How Quickly?

Posted on May 22nd, by Ryan in Revelation 3:7-13. 1 Comment

I was surprised at the debate in this section over who the true Jews are. This debate has been recurring. I know that Christians were first called “Christians” in Antioch in Acts. It seems odd that there would be discussion at this time over who the real Jews are or that God would need to clarify the same. Perhaps there was still lively discussion regarding which of the faiths was correct.

What struck me about this passage is that Jesus still refers to God as “my God”. Whatever form Jesus is in now (after being elevated by God) as described earlier in Chapter 1, Jesus still considers himself beneath God (the father). This is consistent with and reminds me of what Jesus said in the Gospels. I think the next time I read Jesus’s words in the gospels I’m going to picture brass-feet/fiery-eyed Jesus.

I’m disappointed in NT Wright in this section though. I do have something against you NT Wright. Jesus said that he’s coming quickly. What does this mean? If I could have gotten one answer and one answer only from this book it would have been “Why did Jesus tell these early churches he was coming quickly? He did not come quickly and He has not come quickly.” I think this would be the most obvious problem for our author to flesh out for his readers. Sadly, I’m left disappointed.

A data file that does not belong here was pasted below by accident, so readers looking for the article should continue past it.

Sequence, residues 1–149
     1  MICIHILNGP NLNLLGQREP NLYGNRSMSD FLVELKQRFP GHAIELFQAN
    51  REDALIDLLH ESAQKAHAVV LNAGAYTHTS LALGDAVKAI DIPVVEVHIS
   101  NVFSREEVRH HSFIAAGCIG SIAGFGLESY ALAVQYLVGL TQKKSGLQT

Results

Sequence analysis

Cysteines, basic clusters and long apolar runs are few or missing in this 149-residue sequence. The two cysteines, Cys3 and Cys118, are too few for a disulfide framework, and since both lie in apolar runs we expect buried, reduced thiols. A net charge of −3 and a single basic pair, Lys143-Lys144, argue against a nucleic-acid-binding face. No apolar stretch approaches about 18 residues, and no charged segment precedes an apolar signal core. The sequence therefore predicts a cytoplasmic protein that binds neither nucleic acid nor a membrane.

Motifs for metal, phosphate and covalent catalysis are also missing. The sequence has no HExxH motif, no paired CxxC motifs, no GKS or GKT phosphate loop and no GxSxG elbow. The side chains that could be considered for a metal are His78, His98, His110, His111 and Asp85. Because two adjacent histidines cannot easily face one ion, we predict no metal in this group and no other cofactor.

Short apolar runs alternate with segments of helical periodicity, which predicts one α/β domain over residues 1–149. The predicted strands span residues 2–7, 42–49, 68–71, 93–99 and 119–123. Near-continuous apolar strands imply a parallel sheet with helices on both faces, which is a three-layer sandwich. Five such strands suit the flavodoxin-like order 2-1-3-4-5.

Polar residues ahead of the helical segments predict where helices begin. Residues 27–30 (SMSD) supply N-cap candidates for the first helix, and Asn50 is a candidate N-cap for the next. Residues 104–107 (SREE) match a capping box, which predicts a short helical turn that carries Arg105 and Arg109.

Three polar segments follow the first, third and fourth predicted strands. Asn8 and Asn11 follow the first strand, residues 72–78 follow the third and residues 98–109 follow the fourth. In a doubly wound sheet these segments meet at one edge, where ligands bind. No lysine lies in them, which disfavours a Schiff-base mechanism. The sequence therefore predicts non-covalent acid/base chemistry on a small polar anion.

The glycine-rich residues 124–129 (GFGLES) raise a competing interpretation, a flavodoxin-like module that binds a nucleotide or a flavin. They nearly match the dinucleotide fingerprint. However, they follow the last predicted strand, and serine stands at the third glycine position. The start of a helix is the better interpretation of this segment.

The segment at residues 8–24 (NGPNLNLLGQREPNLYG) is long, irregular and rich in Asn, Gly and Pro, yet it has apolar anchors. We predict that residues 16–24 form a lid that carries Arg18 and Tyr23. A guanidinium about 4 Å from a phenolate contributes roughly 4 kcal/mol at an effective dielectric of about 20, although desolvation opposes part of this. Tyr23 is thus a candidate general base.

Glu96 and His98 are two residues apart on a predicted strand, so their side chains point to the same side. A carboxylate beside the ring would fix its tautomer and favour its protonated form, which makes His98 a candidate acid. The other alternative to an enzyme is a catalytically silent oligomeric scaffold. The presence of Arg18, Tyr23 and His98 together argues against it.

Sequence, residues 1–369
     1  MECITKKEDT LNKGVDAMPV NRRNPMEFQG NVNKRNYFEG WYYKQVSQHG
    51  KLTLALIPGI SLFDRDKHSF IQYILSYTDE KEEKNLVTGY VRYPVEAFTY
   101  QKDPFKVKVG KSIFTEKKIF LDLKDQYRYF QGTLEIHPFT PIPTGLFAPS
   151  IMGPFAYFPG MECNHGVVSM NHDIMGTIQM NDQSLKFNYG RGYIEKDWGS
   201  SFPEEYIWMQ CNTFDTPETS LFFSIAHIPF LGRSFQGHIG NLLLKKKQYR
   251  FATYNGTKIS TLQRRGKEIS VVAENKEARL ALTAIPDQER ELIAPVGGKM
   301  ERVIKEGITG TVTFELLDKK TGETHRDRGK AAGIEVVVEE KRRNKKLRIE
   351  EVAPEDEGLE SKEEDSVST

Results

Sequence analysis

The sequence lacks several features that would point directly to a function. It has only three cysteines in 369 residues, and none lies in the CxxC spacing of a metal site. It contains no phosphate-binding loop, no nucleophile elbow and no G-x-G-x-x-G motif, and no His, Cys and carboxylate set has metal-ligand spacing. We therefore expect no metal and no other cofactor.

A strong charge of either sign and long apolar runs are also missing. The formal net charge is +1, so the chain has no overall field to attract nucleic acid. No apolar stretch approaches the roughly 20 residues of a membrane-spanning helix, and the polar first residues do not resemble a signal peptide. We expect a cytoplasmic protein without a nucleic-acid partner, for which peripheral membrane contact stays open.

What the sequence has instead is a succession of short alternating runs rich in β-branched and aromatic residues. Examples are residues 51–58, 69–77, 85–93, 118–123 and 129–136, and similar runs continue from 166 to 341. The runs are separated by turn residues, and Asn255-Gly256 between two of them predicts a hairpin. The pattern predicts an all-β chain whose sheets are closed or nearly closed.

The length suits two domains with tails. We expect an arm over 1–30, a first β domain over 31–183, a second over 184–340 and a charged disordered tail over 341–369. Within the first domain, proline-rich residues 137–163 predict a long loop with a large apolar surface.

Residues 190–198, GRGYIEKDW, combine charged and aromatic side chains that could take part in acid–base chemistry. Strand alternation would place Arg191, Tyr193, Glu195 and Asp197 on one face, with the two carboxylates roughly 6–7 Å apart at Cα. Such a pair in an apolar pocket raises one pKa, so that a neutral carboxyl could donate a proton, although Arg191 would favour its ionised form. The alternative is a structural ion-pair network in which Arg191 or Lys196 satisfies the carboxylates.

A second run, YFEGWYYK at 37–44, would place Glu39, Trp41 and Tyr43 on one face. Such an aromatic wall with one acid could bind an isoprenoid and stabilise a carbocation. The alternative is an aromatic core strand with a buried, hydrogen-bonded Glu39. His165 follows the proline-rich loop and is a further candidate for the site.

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  • John Voelz

    Ryan, I don’t know that “beneath” God is the best choice of words here. Some may say it’s just semantics but it’s hard to tell that to the guys that got burned at the stake for heresy (ha). You are right, though, that Jesus always does the Father’s will. He waits to hear from the Father. He asks the Father. He does everything to bring glory to the Father. He is the Way . . . to the Father. He is the Truth . . . everything the Father wants communicated wholly complete. Logos. Teleos. The Word of the Father. The perfection of the Father. He is the Life . . . no one comes to the Father but through him. God the Father is certainly “his” Father but he is not “less than” the Father. This is where it gets tricky. This is part of what divides Christian belief in the Trinity from Unitarianism. I appreciate your thoughts.